The epigraph to Angus Wilson’s book is taken from Alice Through the Looking Glass
‘What curious attitudes he goes into!’
‘Not at all,’ said the King. ‘ He’s an Anglo-Saxon Messenger – and those are Anglo-Saxon attitudes. He only does them when he’s happy.’
And what a curious world this book reveals. As well as a pre-first World War (possible) archeological hoax dating back to Anglo Saxon times, Wilson’s subject is post second World War life in Britain on many social levels, with characters ranging from academics to working class petty criminals. It is largely concerned with how to live. Or rather, how to live a good life according to one’s ethics, and also, how to be happy.
The main character, historian and scholar, Gerald Middleton, is something of a lost soul. Estranged from his family, wife Ingeborg and three adult children, he suffers from a sense of failure. Lacking the conviction to leave his wife for the woman he loves, or to speak out about his suspicions of the actions of Canon Portway over the Melpham burial, he lives with a sense of having compromised his life away.
When we meet him, it is at Christmas in the house of his wife. He sits dreaming about his past, while family engages in their usual power games.
Gerald shook himself uneasily. Old age, he reflected, seemed to have every disadvantage. It cut one off; but it also let in what had long been carefully censored. He trained himself for years not to hear the embarrassing nonsense that Inge talked, and now it cut through his enfeebled defences.’ It is only when we are really happy that we know what is true.’ Inge’s sugary words, her glottal Scandinavian sing-song, flowed back through his memories until they had covered with their sticky coating one of the episodes he kept apart as sacrosanct…
To live a life not consumed by regret Gerald has to free himself from the compromises he has made. Persuaded by Inge that it is better for the family, he has continued his relationship with Dollie under Inge’s control, thus losing the love of his children and in the end, of Dollie.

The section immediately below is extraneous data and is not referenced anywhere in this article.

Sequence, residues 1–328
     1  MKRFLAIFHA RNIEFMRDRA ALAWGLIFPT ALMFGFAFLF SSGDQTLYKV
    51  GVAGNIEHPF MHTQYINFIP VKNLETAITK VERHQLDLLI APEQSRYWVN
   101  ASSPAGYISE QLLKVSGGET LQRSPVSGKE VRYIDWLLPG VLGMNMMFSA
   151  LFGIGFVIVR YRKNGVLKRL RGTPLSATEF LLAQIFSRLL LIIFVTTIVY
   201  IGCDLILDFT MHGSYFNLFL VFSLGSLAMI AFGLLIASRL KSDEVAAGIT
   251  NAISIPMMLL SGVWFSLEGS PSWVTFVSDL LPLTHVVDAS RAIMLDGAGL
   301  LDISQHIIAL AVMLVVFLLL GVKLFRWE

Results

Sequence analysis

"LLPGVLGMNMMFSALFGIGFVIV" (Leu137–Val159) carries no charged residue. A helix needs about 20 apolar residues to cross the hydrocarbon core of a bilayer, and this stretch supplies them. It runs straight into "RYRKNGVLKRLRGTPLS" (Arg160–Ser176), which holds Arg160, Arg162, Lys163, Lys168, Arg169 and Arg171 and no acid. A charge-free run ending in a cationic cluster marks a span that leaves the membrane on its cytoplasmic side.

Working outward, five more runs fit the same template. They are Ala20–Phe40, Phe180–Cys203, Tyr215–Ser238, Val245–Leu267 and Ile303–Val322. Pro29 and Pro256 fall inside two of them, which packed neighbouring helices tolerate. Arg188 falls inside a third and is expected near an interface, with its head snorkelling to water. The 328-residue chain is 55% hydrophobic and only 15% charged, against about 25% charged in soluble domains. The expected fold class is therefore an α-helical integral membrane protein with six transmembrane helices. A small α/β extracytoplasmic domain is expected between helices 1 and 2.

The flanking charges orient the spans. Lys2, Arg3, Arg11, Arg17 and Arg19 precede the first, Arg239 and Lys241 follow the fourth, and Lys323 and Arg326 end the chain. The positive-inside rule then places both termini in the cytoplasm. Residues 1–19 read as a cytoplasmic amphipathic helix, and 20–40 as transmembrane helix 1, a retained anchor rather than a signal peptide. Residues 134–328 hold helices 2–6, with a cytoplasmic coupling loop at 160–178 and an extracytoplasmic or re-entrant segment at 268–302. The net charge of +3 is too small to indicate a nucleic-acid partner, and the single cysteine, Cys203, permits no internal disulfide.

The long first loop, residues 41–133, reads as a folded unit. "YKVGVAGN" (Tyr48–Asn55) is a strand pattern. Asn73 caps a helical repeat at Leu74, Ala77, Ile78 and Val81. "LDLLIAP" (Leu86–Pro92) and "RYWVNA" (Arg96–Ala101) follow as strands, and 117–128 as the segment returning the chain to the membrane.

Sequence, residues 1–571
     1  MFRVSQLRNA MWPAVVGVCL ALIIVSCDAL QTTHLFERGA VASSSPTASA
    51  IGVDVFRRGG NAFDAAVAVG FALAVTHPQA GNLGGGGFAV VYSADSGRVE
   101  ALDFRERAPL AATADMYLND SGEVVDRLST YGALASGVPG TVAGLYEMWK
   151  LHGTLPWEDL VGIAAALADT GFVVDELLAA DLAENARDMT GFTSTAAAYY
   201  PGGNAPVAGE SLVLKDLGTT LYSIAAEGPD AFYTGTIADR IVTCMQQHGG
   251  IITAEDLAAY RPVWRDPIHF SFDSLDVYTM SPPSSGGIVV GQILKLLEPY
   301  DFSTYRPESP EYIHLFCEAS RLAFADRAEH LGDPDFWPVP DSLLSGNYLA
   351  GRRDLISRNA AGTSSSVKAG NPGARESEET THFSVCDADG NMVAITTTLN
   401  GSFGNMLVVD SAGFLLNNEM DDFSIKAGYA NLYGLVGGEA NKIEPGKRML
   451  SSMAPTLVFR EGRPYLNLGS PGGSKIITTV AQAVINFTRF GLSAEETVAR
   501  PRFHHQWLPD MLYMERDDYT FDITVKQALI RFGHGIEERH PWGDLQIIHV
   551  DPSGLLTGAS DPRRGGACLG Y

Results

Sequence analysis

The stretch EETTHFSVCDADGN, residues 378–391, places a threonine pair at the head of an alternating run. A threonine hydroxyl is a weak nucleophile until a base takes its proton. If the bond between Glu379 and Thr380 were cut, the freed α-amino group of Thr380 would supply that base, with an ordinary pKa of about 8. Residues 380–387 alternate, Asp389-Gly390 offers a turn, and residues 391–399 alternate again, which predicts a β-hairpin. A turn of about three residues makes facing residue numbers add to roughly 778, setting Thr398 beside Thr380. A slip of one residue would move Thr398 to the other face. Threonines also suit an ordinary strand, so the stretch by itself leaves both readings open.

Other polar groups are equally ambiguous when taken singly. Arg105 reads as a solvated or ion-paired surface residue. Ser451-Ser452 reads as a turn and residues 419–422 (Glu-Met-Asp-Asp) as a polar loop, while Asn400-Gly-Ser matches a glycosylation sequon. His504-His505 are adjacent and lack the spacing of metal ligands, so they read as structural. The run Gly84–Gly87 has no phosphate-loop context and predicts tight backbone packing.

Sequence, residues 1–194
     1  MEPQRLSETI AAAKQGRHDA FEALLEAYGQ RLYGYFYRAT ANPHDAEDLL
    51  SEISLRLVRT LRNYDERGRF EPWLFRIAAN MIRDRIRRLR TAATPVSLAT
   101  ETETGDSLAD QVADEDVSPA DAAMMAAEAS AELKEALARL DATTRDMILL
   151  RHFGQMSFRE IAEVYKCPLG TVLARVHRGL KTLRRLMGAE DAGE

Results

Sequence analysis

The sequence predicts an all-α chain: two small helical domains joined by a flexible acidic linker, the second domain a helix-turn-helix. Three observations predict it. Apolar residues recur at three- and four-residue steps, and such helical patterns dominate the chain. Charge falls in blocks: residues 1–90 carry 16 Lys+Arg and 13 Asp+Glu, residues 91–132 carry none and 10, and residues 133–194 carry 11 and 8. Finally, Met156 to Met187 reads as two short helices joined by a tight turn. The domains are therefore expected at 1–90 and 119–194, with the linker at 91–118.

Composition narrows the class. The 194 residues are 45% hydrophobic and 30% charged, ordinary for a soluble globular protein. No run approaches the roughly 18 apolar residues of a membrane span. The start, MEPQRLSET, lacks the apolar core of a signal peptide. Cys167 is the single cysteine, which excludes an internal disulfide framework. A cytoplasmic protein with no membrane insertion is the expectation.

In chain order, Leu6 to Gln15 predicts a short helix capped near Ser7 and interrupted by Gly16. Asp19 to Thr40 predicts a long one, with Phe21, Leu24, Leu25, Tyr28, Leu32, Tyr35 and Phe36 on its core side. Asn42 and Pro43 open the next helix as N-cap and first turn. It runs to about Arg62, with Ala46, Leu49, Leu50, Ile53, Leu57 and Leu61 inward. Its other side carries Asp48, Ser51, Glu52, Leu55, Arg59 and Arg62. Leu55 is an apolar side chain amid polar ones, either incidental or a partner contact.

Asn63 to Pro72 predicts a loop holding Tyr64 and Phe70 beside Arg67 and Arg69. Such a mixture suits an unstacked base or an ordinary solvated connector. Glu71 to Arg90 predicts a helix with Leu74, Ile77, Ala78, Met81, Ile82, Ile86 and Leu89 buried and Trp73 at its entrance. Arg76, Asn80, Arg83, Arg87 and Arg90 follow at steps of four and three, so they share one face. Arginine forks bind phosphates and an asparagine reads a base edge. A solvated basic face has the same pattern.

Inge is a true monster. Like a juggernaut she crushes all the lives around her. She knows no vision of life except her own. Heavily whimsical, she is also controlling and manipulative. Gerald has long lost the power to rescue his children from her.
So many characters in this book, some like Mrs Salad, caricatures, some, like Frank Rammage more complex. I must say I found the thread of the story concerning the French relatives of Marie Heléne rather confusing and not contributing much to the story.
Somehow Gerald reconnects with his career again and acts in a way that eases his conscience. It was satisfying to see him getting the better of his rival Professor Clun, who Margaret Drabble tells us, (she has written a biography of Angus Wilson) is based on F R Leavis.
I was revisiting Angus Wilson when I read this, having been a fan in my early days. I was interested to see his writing is not terribly popular on Goodreads. I would say it is far too British and far too of its time.
When this book came out it earned high praise; Anthony Burgess said, ‘One of the five great novels of the century,’ and Paul Bailey wrote, ‘No other English novel of his generation has offered as complete and detailed a portrait of English society…’ But how the mighty can fall. When Angus Wilson died at the age of seventy-seven, he was in an old people’s home partly supported by the British Literary Fund.
Michael Wood said of him in the NY Review of Books, ‘(he showed) a vast, careless, lordly condescension both towards characters and readers.’
He had, however, worked at Bletchley Park during the War and suffered a breakdown after, he lived openly with his gay partner and fought for the right for others to do so, and he helped to establish the Masters in Creative Writing at the University of East Anglia.
His books are big and complex, dealing with high life and low. He admired Dickens and has, I feel, a great deal in common with him. I hope one day his works will meet a new public.
A BAFTA award winning TV Series was made of Anglo Saxon Attitudes in 1992. We can’t seem to get it in Australia but for those lucky enough to be in Britain I’d say it’s a must see.